Bob Dole, Cops, and Gangstas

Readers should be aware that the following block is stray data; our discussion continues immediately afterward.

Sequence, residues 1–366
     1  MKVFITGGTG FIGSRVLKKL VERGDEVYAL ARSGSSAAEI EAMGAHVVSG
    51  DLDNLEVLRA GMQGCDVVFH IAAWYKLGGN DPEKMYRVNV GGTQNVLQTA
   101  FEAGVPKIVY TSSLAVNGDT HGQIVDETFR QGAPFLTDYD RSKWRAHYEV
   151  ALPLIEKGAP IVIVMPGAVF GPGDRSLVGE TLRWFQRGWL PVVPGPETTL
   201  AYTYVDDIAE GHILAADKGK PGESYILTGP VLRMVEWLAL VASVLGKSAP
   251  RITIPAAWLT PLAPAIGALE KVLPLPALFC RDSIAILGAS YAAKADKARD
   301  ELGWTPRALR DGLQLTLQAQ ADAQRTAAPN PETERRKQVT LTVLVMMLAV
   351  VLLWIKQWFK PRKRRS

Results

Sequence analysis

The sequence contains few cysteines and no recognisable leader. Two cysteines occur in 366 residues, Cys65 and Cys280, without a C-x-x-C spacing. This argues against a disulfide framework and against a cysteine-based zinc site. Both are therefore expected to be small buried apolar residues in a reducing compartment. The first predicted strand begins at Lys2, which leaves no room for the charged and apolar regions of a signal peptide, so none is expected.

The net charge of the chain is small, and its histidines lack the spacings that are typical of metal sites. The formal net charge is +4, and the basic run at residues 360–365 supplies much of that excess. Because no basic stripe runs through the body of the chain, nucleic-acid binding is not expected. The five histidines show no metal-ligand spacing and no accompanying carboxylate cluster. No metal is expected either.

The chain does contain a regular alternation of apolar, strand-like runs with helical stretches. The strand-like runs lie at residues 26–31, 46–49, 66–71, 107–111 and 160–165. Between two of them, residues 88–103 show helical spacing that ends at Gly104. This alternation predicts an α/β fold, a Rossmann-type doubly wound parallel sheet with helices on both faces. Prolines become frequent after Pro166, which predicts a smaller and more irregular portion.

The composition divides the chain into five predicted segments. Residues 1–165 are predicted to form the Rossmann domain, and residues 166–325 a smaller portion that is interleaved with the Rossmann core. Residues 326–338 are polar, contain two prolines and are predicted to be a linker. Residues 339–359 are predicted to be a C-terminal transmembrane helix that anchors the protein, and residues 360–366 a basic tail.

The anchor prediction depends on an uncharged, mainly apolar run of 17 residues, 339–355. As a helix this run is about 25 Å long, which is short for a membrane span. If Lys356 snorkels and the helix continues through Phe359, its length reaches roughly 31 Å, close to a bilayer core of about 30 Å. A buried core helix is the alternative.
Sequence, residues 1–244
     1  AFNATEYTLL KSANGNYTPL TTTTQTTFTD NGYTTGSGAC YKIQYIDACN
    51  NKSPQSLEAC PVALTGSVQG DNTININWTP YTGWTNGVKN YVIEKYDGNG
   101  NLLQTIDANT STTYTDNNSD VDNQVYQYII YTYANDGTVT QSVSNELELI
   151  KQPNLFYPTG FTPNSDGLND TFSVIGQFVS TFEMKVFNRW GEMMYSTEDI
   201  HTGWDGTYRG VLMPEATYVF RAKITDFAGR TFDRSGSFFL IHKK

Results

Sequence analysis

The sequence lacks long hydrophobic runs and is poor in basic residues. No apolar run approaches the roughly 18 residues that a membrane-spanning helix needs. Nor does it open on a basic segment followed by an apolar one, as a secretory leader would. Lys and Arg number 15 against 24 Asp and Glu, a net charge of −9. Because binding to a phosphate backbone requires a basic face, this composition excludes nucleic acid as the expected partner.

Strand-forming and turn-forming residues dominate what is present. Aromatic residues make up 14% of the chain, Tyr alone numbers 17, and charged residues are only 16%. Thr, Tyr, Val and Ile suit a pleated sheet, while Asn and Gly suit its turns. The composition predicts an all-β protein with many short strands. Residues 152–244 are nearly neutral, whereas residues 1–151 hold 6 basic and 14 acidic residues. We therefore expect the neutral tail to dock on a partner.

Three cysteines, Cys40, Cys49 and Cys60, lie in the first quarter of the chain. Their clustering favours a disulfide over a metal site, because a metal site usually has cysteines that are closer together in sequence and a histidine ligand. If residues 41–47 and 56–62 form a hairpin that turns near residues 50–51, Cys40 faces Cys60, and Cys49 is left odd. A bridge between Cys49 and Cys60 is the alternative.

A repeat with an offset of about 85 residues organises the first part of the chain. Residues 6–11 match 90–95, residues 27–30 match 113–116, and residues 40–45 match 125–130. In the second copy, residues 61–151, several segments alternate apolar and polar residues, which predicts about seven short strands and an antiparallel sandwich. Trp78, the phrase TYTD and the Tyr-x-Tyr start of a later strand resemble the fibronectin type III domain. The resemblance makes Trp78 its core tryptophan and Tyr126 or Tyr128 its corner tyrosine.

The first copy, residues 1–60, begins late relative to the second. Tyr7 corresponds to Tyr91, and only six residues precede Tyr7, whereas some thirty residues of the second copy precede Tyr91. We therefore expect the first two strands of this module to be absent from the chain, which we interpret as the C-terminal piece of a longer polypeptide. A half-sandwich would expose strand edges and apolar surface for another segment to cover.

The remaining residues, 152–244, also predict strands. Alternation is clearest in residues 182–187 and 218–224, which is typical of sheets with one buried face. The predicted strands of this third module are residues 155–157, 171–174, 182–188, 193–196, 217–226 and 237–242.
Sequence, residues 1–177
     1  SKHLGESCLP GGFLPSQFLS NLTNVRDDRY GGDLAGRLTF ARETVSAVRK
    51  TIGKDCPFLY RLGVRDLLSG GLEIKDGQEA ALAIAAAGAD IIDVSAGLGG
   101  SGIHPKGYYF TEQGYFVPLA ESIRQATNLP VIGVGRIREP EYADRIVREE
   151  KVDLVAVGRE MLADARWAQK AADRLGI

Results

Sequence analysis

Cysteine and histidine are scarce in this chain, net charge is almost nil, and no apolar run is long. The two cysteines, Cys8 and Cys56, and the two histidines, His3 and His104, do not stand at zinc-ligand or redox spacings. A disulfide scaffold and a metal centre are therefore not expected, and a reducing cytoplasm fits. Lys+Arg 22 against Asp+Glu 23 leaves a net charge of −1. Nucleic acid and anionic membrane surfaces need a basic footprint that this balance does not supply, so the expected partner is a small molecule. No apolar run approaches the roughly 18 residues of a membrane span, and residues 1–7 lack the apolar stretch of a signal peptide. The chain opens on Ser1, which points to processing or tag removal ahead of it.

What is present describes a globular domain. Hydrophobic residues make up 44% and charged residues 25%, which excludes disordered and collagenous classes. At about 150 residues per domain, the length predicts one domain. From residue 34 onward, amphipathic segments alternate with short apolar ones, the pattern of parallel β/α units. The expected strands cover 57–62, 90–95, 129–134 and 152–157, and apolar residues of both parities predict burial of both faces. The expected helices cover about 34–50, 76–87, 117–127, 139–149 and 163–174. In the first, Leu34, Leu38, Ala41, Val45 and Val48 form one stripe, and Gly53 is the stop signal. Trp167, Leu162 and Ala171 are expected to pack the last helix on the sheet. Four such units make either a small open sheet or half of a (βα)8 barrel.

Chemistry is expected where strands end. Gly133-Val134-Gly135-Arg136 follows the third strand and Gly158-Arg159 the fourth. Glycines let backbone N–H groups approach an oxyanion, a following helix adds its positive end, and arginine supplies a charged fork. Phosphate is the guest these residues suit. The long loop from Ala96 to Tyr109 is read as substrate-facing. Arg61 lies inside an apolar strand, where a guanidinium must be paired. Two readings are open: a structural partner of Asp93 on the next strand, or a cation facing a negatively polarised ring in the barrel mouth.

Senator Dole's attack on gangsta rap and movie violence established very quickly that family values demagogy is about to redescend upon us. Although even such reactionary Hollywood types as Clint Eastwood disparaged Dole's comments, politicians did not. Not even the President: "We welcome Senator Dole to this point and say that the issue doesn't have to have a partisan side," said a Clinton spokesman. Nevertheless, much was made of Dole's targeting of Time Warner, which according to The Wall Street Journal makes the heaviest campaign donations of any Hollywood corporation and gives 90 percent of its money to Democrats. Dole singled out Time Warner's Interscope subsidiary, co-owned by Ted Field, a big Democratic funder who bankrolled the opposition to Robert Bork's Supreme Court nomination. Many noted that Dole listed Republican Arnold Schwarzenegger's high-body -count True Lies with top-grossing family-friendly films and avoided criticism of the blood-drenched Die Hard With a Vengeance, a huge hit made by Republican Bruce Willis with money from Republican Rupert Murdoch. More telling was the Hollywood response. Dole's speech was opposed by TV producer Norman Lear, actor James Woods and directors Oliver Stone and Rob Reiner. With the exception of Stone, not one of these men has been involved in the films under attack, and not one of them has any relationship to gangsta rap. Little was heard from those seeking to explain, much less exonerate, rap. The striking absence from the dialogue of rappers and their supporters reflects another consensus: Whatever separates Dole and Clinton from businessmen like Field and Time Warner executives Gerald Levin and Richard Parsons (who is African-American), they are united in not being the sort of disfranchised kids, of all races, who make and listen to rap. This is also what allows seemingly disparate types like William Bennett, currently mooted by the right-wing Family Research Council as veep material, and C. DeLores Tucker of the National Political Congress of Black Women (who regularly grandstands against rap's violence and misogyny but remained conspicuously silent when Anita Hill, Lani Guinier and Joycelyn Elders came under siege) to unite on this point. Hollywood's violence clearly does not just mirror reality, as its defenders claim. Artists and producers like Stone, Willis and Schwarzenegger masterfully manipulate the public. But their perspectives would be well represented whether their films got made or not. That's not true of gangsta rap, which exists as a kind of counter-CNN (to use rapper Chuck D's image) for those who are shut out of the national debate, except as objects of disapproval, and who remain shut out even when they are specifically targeted. Rap is especially vulnerable at the moment. Last week, Billboard, the music industry trade paper, front-paged a report on rap's market and creative decline, which was summed up by producer Bill Stephney: "Rap has become predictable and, on some levels, very, very boring.... Right on up to 1992, rap had something new and different to offer. But the riots essentially bore out in reality what rappers had been saying for about a decade before." And so the music finds itself in the same predicament as the political system, unable to conceive of an alternative. The current witch hunt will undoubtedly have some strong effects (although not on movies, which are already heavily censored; it is possible to make an NC-17 film but virtually impossible to distribute it). Three states, including New York, already have music-censorship bills in their hoppers, and a faction of Time Warner's board, led by Henry Luce 3d and opera singer Beverly Sills, has entered into what amounts to open warfare against Levin's "free speech" policies, which aren't all that free: Time Warner said it supported artistic expression during the "Cop Killer" controversy, then dumped Ice-T at the first opportunity. Bennett and Tucker have demanded that Time Warner adopt a more restrictive system of record censorship, and Billboard reports that the company has asked the Recording Industry Association of America, which runs the current record labeling system, to consider just that.